FIGS. 5A–5C illustrate another embodiment of the drill pipe spinner for an Iron Roughneck. FIG. 5B shows the spinner in the open position, while FIG. 5C shows the spinner in the closed position. Suspension springs 170 connect the spinner to post arms 175. Post arms 175 extend from spinner post 180. Springs 170 also help balance the spinner in the horizontal position.
FIG. 6 illustrates an embodiment of the drill pipe spinner that is used as a stand-alone spinning unit for making up and breaking out drill pipe. The spinner is suspended from the derrick by cable 125. Cable 125 may be attached to a counterweight at its other end to facilitate the handling of the spinner unit. A spring or cylinder (not shown) may be use above the spinning unit to allow the unit to travel with a joint of drill pipe as the pin end of that joint of pipe is being screwed into or out of the box end of another joint of drill pipe. The cable is attached to suspending arms 130 at pivot 132. The suspending arms are connected to the spinner at pivots 134. Pivots 132 and 134 allow suspending arms 130 to pivot as arms 15 and 20 are moved between the open and closed positions.
If the rollers and/or hydraulic drive motors of the spinner have to be repaired, serviced or replaced, the arm brackets are easily removed by simply pulling the roller bracket pin, 40 or 45, and removing the roller bracket. A hook 90 may be used to attach a line to help remove the roller bracket from the spinner. A new roller bracket may then be pinned to the arm by reinserting the roller bracket pin. Unlike prior art drill pipe spinners, the rollers can easily be removed and replaced on the rig floor by changing out the roller bracket. The new roller, with the new roller bracket, can be added in a matter of minutes to the spinner (e.g., in 30 minutes or less (preferably in 15 minutes or less)). The old roller bracket can then be taken to the rig shop for repair or replacement of the roller(s) and/or hydraulic motor(s). The easily exchangeable arm brackets minimize the downtime on the rig when the rollers on the spinner need to be replaced.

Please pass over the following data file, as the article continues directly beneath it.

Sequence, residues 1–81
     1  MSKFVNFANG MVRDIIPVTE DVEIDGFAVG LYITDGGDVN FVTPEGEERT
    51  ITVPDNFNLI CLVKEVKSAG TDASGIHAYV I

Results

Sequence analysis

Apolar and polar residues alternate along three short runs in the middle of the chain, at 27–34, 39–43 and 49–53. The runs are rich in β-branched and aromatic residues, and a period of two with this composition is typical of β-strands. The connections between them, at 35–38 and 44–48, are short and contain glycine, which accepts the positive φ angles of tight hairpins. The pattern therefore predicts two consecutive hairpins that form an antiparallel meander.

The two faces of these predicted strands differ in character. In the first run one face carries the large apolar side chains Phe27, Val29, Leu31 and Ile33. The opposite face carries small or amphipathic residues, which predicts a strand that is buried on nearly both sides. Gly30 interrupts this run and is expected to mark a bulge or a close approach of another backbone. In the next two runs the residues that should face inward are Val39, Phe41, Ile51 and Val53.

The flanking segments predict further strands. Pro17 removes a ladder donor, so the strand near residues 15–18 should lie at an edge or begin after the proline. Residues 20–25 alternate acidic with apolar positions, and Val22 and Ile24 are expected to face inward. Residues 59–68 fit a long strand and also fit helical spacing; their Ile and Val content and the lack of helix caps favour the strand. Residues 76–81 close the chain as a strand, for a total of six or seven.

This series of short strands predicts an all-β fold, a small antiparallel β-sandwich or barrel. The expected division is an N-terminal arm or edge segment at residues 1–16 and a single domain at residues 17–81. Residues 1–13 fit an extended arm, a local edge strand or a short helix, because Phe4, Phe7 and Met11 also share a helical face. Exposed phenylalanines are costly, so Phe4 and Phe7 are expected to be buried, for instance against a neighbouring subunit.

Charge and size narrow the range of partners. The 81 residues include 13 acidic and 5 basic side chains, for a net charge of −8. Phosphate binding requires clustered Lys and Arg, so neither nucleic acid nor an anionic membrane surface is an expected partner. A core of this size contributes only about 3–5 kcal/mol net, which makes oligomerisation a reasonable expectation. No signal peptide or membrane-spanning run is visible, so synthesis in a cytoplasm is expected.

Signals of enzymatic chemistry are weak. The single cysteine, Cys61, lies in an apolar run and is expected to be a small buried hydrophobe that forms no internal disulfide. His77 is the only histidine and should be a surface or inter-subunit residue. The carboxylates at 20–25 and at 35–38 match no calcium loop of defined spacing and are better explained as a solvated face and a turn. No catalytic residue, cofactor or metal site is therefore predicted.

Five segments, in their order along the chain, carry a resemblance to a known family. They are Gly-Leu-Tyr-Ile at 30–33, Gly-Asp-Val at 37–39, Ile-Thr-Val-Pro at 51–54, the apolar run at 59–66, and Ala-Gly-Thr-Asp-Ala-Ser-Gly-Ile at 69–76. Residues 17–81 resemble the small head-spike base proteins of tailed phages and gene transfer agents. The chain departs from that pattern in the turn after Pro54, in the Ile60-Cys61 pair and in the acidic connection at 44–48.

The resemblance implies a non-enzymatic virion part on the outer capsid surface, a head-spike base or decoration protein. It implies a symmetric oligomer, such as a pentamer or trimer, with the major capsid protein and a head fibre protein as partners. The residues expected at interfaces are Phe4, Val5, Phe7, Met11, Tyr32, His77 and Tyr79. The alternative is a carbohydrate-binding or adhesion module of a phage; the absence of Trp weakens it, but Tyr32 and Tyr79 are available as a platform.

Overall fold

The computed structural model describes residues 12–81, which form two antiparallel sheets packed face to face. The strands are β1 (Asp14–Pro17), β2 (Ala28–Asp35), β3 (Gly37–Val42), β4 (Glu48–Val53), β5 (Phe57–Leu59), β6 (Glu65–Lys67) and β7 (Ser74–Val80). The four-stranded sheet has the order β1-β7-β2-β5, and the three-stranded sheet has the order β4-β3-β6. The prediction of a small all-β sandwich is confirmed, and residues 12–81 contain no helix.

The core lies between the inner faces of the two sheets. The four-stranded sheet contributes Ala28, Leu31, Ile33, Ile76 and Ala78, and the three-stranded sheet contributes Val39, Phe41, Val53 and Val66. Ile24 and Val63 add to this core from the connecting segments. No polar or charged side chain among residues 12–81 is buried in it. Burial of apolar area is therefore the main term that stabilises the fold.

FIGS. 8A–8C show an alternative means for connecting the roller brackets to the clamping arm. Pin 200 extends through the support frame of the roller bracket. The roller bracket may be pivotably connected to the clamping area via end cap 205 and socket 210. More particularly, pin 200 may be mounted inside socket 210 and held there by cap 205. The upper end of pin 205 may extend into or through cap 205 (the latter illustrated in FIG. 8C). Cap 205 may be bolted to clamp arm 20 to secure pin 200, and hence roller bracket 35 to clamping arm 20. The lower end of pin 205 may extend into or through a lower cap (not shown) similar to cap 205 that is connected to the lower end of socket 210. Alternatively, the lower socket may have an integral cup or floor that pin 200 extends into. Once connected, roller bracket 35 may pivot about socket 210 so that the bracket may be closed about a drillpipe. Roller bracket 30 may be attached to clamping arm 15 in a similar fashion.
While the apparatuses and methods of this invention have been described in terms of preferred or illustrative embodiments, it will be apparent to those of skill in the art that variations may be applied to the process described herein without departing from the concept and scope of the invention. All such similar substitutes and modifications apparent to those skilled in the art are deemed to be within the scope and concept of the invention as it is set out in the following claims.